Monday, April 21, 2008

Roy Hamilton: Don't Let Go

I bought two CDs trying to find the original mono mix of this, and both times was chagrinned to hear "fake stereo". Frustration was approaching an all-time high until just a few minutes ago, when I read the following:

"(Don't Let Go) was the first stereo record to make the pop music charts. 1958 was the year for several stereo recordings, including Hang Up My Rock and Roll Shoes by Chuck Willis, Yakety Yak by the Coasters, Born Too Late by The Poni-Tails, It’s All in the Game by Tommy Edwards and What Am I Living For by Chuck Willis."

(Thanks to these guys for the info.)

So here you have it in true stereo. From the days of creamiest reverb.


Anonymous said...

Love the Volkswagen Beetle! It's like looking at one of those "What's Wrong with this Picture ?" column fillers in a kids' holiday special: You kind of scratch your head until you realise it's not some huge gas-guzzling American automobile in the foreground.

Anonymous said...

my man,
could you post the remaining tracks from chantal goya's masculin/feminin ep ? (april 4 post). i'd really appreciate it... thanks in advance!

Emmett said...

ib, how dare you impugn the integrity of my Fatherland's automobiles! Just kidding. I love the way the sky looks in that photograph. Old film.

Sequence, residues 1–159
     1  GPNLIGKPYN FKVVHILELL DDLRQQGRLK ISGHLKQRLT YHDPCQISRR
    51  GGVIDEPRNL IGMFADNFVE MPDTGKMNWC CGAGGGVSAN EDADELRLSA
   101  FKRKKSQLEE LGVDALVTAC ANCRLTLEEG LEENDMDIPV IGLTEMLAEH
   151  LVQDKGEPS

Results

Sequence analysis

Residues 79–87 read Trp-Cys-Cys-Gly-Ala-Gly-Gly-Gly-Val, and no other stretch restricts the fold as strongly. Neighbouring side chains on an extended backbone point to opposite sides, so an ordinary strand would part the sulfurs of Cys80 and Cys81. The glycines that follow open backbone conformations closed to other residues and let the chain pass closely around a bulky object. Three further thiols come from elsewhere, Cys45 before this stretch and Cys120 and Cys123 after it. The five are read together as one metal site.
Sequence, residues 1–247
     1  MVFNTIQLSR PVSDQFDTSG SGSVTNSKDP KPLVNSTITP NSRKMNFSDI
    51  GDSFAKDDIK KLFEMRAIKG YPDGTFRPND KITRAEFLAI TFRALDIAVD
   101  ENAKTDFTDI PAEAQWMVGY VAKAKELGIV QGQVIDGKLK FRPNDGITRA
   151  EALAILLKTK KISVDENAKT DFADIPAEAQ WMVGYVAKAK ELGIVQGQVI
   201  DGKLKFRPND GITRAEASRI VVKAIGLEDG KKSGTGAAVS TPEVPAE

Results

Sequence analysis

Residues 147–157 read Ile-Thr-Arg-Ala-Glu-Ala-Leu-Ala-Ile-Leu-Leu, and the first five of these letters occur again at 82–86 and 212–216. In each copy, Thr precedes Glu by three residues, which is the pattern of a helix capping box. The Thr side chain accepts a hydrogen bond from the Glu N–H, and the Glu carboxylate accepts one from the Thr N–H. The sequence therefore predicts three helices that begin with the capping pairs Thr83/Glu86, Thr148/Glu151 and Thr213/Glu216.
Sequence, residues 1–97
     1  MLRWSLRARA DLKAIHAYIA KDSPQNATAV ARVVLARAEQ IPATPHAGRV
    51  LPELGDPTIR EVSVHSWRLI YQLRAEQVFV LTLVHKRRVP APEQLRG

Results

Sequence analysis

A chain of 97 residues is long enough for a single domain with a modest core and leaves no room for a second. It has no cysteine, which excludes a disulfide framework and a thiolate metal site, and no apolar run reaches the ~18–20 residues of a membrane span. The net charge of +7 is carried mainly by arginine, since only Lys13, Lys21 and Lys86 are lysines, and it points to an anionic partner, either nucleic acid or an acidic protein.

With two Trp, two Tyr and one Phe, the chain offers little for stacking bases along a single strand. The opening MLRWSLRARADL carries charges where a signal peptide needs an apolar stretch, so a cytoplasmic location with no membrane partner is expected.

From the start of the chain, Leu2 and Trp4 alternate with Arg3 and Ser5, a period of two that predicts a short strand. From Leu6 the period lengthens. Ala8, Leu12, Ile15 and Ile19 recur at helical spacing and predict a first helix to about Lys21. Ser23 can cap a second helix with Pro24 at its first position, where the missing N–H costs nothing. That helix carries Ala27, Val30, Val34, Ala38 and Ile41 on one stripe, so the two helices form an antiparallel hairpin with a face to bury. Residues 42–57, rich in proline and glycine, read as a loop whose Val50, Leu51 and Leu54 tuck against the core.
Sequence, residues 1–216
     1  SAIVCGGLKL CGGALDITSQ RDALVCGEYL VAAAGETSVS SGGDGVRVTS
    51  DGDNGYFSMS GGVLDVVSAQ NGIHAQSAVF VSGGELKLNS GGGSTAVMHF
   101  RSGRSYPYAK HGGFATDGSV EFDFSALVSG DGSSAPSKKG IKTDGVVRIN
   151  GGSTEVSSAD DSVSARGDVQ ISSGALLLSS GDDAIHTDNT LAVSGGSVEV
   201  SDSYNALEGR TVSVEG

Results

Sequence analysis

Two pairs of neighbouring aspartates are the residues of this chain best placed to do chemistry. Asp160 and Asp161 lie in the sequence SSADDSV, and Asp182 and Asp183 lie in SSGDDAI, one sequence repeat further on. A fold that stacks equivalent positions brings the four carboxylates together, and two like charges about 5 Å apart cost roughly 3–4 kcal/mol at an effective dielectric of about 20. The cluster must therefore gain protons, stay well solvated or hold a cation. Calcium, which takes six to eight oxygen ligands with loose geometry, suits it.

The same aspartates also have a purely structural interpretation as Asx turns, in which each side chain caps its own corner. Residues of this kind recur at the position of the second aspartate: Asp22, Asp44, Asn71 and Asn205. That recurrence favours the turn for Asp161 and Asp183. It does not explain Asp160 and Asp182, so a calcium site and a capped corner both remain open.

Manni: It's great to hear that you're into the Chantal Goya. But there are only like 6 songs on the EP and I already posted 2 of them, so posting the remainder would be a little closer to bootlegging than my value system allows. Send me an email: artdecade1977 at gmail dot com and I'll send you another track or two.

Emmett said...

Manni: If time allows I would probably send you all of the remaining tracks, come to think of it. Drop me a line.

Mike said...

It's funny, but very vaguely I hear Nina Simone, or even Antony in his voice. Especially in the refrain.

Brings back memories of high school when we used to play Jerry Garcia's (was it 15 minutes or so?) version (from his 1990's JGB double album) at the local pizzeria. It was in the jukebox, and we considered it fair game, but I think secretly we were hoping the "spacey" section would freak out the older clientele. To my memory no one ever ran out of the place having any kind of flashbacks, but the song was cut short a few times by the staff and eventually the disc was removed from the jukebox.

Emmett said...

Good call. I can hear Antony in his voice, too. It's a little masculin/feminin, if you will.

Anonymous said...

The Antony comparison is right on the money. By the by, in much the same vein as Tom Verlaine, his (& The Johnsons) version of "KoHD" from the hit and miss "I'm Not There" soundtrack definitely equals - if not almost surpasses - the original. Great vocal.

Anonymous said...

email sent
thank you!